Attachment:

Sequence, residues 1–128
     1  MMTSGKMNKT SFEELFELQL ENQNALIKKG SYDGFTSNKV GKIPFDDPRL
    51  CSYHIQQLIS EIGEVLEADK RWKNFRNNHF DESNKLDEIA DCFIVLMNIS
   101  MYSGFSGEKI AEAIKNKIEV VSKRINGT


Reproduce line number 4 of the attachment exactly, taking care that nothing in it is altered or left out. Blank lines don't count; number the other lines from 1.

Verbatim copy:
   101  MYSGFSGEKI AEAIKNKIEV VSKRINGT